In response to claims that men are unable to restrain themselves from committing rape if they see women in skimpy clothing, members of law enforcement agencies around the country have called for men to blindfold themselves when they are in places where they might encounter a female wearing a tank top or a short skirt.
“For years, we have been told that men don’t understand how to respond to the sight of a woman wearing, say, gym clothes – that as far as they are concerned, if they can see the outline of her body, then that’s an invitation to sex that they are simply unable to refuse,” said one police chief. “If that’s true, then we have no choice. We want women to be safe, and there is apparently no way for some men to reasonably restrain their own behavior once they catch a glimpse of cleavage, so all men will have to cover their eyes while working out, going to bars or clubs, or relaxing at the beach.”
Popular radio “shock jocks” Skeezer and the Gooch have gone even further, arguing that men should be blindfolded at all times while in public, on the grounds that “it’s not just skimpy outfits, some dudes get turned on by random stuff like women wearing athletic jerseys and sneakers,” making situation-specific blindfolding insufficient to preserve women’s safety.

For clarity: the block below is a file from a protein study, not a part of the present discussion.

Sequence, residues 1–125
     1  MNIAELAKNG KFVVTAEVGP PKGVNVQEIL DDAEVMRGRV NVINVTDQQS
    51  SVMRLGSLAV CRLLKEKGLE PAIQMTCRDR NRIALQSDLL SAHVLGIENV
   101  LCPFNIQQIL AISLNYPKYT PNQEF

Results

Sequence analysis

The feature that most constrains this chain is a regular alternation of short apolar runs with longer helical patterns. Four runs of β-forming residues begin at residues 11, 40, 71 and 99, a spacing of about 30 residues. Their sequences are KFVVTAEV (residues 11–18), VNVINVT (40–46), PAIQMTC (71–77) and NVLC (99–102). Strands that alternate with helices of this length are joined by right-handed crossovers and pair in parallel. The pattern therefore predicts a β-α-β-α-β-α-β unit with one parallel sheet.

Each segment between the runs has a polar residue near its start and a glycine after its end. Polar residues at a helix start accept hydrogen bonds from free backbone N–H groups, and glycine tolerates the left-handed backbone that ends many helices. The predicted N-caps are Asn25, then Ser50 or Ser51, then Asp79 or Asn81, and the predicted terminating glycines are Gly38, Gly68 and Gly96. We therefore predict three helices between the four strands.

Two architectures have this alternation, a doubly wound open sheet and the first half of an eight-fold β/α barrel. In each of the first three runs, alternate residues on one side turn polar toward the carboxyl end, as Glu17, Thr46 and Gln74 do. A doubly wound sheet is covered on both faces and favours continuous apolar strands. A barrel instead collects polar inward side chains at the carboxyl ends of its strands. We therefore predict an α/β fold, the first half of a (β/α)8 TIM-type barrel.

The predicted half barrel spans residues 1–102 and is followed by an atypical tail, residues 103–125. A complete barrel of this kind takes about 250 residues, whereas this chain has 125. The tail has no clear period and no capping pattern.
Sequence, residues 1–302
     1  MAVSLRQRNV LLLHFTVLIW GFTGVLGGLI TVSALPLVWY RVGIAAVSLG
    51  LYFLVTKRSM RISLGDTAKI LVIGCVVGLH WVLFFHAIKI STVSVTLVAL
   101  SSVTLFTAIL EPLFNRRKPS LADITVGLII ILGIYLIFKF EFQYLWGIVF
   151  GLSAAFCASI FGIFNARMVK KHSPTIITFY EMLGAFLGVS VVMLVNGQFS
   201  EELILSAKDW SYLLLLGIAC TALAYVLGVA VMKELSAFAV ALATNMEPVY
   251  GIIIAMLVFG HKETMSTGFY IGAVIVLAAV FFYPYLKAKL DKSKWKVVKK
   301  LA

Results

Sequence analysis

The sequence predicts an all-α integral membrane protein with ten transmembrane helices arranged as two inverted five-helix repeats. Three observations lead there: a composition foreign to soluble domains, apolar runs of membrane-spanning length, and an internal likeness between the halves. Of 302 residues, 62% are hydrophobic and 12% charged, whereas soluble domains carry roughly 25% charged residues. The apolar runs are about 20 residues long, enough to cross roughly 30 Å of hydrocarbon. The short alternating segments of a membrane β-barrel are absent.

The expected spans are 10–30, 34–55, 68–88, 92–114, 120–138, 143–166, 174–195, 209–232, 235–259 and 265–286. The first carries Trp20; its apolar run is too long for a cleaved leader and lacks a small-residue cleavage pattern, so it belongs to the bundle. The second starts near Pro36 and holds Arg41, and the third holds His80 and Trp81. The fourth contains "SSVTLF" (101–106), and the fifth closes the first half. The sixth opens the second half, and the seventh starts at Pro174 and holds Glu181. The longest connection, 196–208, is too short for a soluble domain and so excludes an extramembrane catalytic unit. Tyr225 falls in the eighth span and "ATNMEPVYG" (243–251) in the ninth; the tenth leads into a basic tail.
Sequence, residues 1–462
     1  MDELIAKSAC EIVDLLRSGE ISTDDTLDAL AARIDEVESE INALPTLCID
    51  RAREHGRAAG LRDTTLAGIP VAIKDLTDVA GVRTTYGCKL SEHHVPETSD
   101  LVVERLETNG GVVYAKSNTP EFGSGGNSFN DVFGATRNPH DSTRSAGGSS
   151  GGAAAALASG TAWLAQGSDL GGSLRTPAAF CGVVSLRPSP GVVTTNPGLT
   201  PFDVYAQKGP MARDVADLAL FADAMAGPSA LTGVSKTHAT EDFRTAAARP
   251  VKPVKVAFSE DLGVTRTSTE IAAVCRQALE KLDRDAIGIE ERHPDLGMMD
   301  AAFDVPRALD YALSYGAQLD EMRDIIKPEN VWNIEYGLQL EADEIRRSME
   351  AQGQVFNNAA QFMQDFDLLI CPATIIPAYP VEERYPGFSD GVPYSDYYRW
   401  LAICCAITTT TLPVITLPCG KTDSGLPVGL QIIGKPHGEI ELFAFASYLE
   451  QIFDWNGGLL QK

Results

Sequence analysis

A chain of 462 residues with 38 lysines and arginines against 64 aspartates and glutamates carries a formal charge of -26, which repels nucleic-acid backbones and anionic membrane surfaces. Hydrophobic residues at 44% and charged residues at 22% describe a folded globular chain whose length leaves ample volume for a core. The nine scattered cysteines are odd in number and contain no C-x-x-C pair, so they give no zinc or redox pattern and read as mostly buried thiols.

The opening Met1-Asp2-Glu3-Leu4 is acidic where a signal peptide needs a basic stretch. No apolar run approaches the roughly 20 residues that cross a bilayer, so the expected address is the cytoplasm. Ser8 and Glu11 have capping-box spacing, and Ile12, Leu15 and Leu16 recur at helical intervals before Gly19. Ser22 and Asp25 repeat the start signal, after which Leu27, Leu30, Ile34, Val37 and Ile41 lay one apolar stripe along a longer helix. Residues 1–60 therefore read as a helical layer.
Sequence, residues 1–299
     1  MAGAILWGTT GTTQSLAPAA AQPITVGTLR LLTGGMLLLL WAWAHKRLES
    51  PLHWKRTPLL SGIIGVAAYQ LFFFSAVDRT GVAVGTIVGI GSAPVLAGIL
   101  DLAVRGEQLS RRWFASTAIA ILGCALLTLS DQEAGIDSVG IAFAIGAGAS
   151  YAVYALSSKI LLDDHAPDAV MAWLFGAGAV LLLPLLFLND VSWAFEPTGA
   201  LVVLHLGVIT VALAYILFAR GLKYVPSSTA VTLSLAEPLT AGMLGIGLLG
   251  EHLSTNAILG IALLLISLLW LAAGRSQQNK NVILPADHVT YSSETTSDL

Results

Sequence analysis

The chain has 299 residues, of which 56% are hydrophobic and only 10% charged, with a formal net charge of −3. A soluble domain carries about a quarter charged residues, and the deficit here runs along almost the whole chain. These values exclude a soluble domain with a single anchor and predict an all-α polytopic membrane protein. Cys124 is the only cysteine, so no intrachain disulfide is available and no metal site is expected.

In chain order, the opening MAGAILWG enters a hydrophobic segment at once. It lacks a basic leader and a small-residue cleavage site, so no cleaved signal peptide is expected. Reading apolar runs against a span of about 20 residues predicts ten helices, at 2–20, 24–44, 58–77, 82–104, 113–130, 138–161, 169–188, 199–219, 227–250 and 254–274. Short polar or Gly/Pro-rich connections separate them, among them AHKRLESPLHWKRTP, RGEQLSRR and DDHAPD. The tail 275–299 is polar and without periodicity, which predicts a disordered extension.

Unwise to Allow Men to Go Out Alone at Night?
A local coalition of religious leaders, concerned about recent studies showing that an average of 6% of men will commit a sexual assault during their lifetime, and that nearly all sexual assaults are committed by men on their own or in groups, are urging parents not to let their sons go out at night unless they are accompanied by a mother, sister, or trusted female friend.